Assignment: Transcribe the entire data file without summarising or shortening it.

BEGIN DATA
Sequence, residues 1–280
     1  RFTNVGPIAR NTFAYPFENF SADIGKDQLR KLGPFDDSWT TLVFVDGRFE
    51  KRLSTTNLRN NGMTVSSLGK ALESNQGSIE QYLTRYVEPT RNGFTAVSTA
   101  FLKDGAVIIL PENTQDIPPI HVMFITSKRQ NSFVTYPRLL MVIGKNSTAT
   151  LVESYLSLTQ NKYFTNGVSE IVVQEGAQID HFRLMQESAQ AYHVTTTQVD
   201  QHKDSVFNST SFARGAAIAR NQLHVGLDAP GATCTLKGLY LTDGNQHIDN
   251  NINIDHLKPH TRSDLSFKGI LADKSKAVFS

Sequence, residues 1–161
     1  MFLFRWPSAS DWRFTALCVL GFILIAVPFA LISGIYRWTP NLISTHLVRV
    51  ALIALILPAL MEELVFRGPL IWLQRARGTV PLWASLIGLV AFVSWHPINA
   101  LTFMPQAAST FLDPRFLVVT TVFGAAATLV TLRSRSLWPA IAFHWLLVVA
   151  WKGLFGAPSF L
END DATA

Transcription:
Sequence, residues 1–280
     1  RFTNVGPIAR NTFAYPFENF SADIGKDQLR KLGPFDDSWT TLVFVDGRFE
    51  KRLSTTNLRN NGMTVSSLGK ALESNQGSIE QYLTRYVEPT RNGFTAVSTA
   101  FLKDGAVIIL PENTQDIPPI HVMFITSKRQ NSFVTYPRLL MVIGKNSTAT
   151  LVESYLSLTQ NKYFTNGVSE IVVQEGAQID HFRLMQESAQ AYHVTTTQVD
   201  QHKDSVFNST SFARGAAIAR NQLHVGLDAP GATCTLKGLY LTDGNQHIDN
   251  NINIDHLKPH TRSDLSFKGI LADKSKAVFS

Sequence, residues 1–161
     1  MFLFRWPSAS DWRFTALCVL GFILIAVPFA LISGIYRWTP NLISTHLVRV
    51  ALIALILPAL MEELVFRGPL IWLQRARGTV PLWASLIGLV AFVSWHPINA
   101  LTFMPQAAST FLDPRFLVVT TVFGAAATLV TLRSRSLWPA IAFHWLLVVA
   151  WKGLFGAPSF L